Iryo’s advisor Andraž Logar: “Medical applications are poorly built, users struggle with the usability.”

3fs is a software powerhouse based in Slovenia, working closely with Fortune 500 companies and multinationals such as Nokia and Ericsson. The company’s expertise lies in combining enterprise IT experience with the best possible user experience. 3fs is the seed investor in Iryo, providing not only funding but also expertise from internal senior experts. CEO Andraž Logar explains the thinking behind the investment in a healthcare startup.

Andraž Logar

Can we start by explaining how 3fs works? What are the current projects of 3fs apart from consultancy for multinationals?

When we are not working with enterprises, we are developing our own niche solutions, starting products and creating spin-offs if the products prove successful. For example, we created Toshl — a company developing a solution for personal finances. Later on, we started addressing the needs of a younger audience and created Toonia — a company working on apps for toddlers. Since we have always been interested in the gaming industry, we also have a gaming studio with many titles, mostly web, the last two are for mobile phones as well.

Through our experience we learned that there is an important overlay between the products for end consumers, such as a games, and enterprise solutions. For a game to be successful, it needs to be scalable, secure and inviting for the users. The enterprise world is faced with the same kind of problems. We want to bring this knowledge about security, scalability and user experience to healthcare.

Where does the idea to dive into healthcare with Iryo stem from?

One of the major KPIs for our company is solving critical social problems. I believe everyone agrees that healthcare systems around the world are one of the most critical things that touch upon every single individual. A couple of years ago, when we were identifying new opportunities for our company, we did a thorough research and found that the quality of IT in the medical world is substandard compared to what we have been working on so far in the enterprise world. It was substandard in terms of security, scalability, and cost of operation. On top of that, the user experience is poor and underdeveloped.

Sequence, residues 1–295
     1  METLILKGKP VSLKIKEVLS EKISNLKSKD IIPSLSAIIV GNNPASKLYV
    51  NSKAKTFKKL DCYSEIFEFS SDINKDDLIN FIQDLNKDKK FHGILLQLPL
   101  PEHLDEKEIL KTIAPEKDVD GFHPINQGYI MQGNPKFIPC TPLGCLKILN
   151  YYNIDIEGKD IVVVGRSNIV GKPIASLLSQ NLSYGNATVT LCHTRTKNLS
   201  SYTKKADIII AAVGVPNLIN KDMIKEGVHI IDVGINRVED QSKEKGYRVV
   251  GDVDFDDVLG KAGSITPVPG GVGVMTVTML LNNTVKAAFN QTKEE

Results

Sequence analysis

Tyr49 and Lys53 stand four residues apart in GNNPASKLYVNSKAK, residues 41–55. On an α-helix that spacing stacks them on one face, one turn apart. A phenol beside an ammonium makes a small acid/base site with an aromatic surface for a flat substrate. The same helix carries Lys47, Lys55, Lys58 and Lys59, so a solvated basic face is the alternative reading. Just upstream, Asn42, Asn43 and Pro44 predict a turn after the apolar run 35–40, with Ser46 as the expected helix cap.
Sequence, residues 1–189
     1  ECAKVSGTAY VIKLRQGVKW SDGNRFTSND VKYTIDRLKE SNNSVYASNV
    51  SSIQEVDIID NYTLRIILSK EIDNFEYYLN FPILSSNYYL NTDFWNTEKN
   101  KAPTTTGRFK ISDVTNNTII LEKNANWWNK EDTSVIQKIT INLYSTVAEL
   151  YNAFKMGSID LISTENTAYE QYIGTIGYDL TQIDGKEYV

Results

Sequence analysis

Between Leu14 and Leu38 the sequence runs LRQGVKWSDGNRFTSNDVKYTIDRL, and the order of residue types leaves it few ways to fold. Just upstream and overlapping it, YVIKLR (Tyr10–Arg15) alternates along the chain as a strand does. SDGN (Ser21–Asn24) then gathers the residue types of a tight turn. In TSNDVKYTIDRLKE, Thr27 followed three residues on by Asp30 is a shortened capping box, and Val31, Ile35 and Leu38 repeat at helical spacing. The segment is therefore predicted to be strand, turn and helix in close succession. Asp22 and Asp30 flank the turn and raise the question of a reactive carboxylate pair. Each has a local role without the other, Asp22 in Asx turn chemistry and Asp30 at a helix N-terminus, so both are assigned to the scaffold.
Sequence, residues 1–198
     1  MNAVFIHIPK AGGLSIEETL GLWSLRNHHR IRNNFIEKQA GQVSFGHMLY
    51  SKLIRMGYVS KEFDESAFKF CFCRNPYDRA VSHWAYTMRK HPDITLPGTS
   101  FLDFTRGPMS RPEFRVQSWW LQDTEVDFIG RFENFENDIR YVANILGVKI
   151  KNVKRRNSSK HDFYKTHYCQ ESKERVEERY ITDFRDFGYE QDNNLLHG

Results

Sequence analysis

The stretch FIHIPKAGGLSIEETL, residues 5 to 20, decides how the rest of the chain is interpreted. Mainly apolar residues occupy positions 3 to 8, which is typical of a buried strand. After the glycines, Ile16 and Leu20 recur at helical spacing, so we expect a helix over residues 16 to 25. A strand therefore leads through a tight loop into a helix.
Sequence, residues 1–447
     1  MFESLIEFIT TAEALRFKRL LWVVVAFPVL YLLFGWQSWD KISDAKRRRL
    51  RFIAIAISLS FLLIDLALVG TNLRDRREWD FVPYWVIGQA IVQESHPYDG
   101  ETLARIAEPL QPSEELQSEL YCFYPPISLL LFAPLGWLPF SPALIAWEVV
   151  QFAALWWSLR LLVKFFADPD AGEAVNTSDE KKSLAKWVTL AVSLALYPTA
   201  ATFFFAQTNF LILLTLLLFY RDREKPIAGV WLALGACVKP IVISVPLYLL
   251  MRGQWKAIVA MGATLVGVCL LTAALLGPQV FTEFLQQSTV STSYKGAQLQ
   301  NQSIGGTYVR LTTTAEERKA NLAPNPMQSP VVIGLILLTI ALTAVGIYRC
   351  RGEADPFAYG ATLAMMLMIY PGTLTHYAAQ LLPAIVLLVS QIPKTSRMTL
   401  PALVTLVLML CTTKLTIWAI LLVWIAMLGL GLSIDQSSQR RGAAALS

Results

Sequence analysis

In our preliminary research we spoke to around 60 people from the medical world — physicians, nurses, domain experts, people in charge of procurement, IT… Our conclusion was that IT companies have been serving this industry very poorly and IT problems have only piled up. We said to ourselves: we have two options — either we accept this state as a society, as patients, or we do something about it. We decided to do something about it and created Iryo.

Where does the name come from?

The name Iryo, which I am pretty sure we are pronouncing the wrong way, comes from Japanese. When we were searching for the name in the languages of the world, we found we were drawn to Japanese. Iryo translates to medicine. At 3fs we have always been big fans of the aesthetics of the Japanese culture, and the way they solve certain problems. Considering the fact that Japan has a well-developed health system, we also read profoundly about how their medical system is built and this is how we decided that the name is appropriate for what we are trying to do.

What is Iryo bringing to healthcare?

When it comes to software, we usually have two approaches on how to build it: bottom-up or top-down. Bottom-up works in environments which can provide you with a lot of time, energy, but usually this approach means that the end user is considered at the last step. This is the approach the healthcare world took and as we can see, the results are not very good. Iryo is bringing the top-down approach, where apps are easy to use and just work well, into healthcare IT. At the moment, medical software is quite the opposite. It seems that medical applications are not programmed in a way they would work well, and users would always struggle with usability. And at the same time, we are hearing horror stories surrounding scalability, interoperability and security. Iryo will usher in a completely new way of building software for the medical purposes and will listen to users first; the users being healthcare staff, hospital IT engineers, security experts and patients. Without patients, I do not think problems in healthcare can be solved successfully.

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